In the Footsteps of the Ancients: The Origins of Humanism from Lovato to Bruni
This monograph demonstrates why humanism began in Italy in the mid-thirteenth century. It considers Petrarch a third generation humanist, who christianized a secular movement. The analysis traces the beginning of humanism in poetry and its gradual penetration of other Latin literary genres, and, through stylistic analyses of texts, the extent to which imitation of the ancients produced changes in cognition and visual perception. The volume traces the link between vernacular translations and the emergence of Florence as the leader of Latin humanism by 1400 and why, limited to an elite in the fourteenth century, humanism became a major educational movement in the first decades of the fifteenth. It revises our conception of the relationship of Italian humanism to French twelfth-century humanism and of the character of early Italian humanism itself. This publication has also been published in hardback, please click here for details.
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Chapter One Introduction
Chapter Two The Birth of the New Aesthetic
Chapter Three Padua and the Origins of Humanism
Chapter Four Albertino Mussato and the Second Generation
Chapter Five Florence and Vernacular Learning
Chapter Six Petrarch Father of Humanism?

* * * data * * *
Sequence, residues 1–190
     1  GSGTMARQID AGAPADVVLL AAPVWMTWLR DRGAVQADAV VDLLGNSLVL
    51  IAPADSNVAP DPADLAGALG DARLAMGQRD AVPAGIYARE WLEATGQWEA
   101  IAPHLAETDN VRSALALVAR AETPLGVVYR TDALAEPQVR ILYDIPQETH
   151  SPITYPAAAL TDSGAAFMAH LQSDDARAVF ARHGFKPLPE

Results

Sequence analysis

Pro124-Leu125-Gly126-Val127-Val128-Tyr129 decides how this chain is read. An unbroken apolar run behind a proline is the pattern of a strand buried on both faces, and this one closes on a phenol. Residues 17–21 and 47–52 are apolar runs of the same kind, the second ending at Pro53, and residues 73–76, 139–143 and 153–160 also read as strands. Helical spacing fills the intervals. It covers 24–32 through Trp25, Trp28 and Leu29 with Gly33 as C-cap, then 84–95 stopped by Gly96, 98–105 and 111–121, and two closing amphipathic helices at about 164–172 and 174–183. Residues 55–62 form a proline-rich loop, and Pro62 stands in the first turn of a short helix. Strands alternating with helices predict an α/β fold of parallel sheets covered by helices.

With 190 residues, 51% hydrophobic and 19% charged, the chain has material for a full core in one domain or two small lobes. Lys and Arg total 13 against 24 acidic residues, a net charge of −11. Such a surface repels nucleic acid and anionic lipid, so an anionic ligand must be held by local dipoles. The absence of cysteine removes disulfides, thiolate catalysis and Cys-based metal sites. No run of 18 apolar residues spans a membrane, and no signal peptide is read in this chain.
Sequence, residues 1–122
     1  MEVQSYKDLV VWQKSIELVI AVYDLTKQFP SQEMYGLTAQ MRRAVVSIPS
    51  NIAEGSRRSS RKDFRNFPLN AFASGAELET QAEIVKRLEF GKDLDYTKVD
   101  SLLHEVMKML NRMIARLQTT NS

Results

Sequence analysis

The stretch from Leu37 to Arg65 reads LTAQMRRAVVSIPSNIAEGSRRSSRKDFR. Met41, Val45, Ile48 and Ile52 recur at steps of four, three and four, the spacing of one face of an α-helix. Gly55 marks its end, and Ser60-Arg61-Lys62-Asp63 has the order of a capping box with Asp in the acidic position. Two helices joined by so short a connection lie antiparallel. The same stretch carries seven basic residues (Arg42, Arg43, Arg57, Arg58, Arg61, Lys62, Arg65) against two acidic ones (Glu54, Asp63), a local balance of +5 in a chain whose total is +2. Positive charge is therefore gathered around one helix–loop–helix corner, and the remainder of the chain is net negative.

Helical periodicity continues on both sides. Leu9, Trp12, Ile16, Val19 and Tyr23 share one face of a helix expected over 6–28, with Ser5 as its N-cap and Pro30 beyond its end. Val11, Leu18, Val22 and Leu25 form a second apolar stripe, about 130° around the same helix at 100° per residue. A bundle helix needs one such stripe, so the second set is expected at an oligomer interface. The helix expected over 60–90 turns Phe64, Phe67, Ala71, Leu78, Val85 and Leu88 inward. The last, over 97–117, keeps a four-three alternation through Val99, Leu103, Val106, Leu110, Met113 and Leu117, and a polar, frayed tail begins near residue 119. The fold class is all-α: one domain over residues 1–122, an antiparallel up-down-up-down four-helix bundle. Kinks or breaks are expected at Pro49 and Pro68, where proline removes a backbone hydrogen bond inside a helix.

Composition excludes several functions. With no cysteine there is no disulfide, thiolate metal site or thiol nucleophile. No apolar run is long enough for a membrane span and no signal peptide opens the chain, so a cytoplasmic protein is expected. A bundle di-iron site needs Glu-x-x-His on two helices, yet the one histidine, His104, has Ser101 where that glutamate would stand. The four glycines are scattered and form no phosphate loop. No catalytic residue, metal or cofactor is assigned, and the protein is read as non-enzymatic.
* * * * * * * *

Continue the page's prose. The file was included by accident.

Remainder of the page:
Chapter Seven Coluccio Salutati
Chapter Eight The Revival of Oratory
Albertino Mussato ancient authors ancient Latin antiquity Avignon Barzizza Billanovich Bologna Brunetto Latini Bruni Christian Cicero Ciceronian classicizing Coluccio Salutati communal contemporary culture cursus Dante Dante's decades dialogue dictamen dictaminis discussion Duecento early Ecerinis edition eloquence Epist Ferreto fifteenth century Florence Florence's Florentine fols fourteenth century Francesco Francesco Petrarca French genre Giovanni Giuseppe grammar Hans Baron humanism humanists ibid imitation Italian Italy language Laudatio Leonardo Bruni letter letteratura lines literary literature Loschi Lovato Malpaghini manuscript medieval Milan moral Mussato northern notaries oration oratory Padua pagan passage patrician Petrarch poem poetic poetry poets Poggio political praise prose Provencal quam Quattrocento quod reading references Renaissance republican Rerum rhetoric role Roman Rome Sabbadini Salutati scholars secolo secular Seneca speeches Storia style stylistic teaching thirteenth century tion tradition translation Trecento Tuscan twelfth century Venetian Veneto Venice Vergerio vernacular Verona Virgil viris Visconti vita vols writings written wrote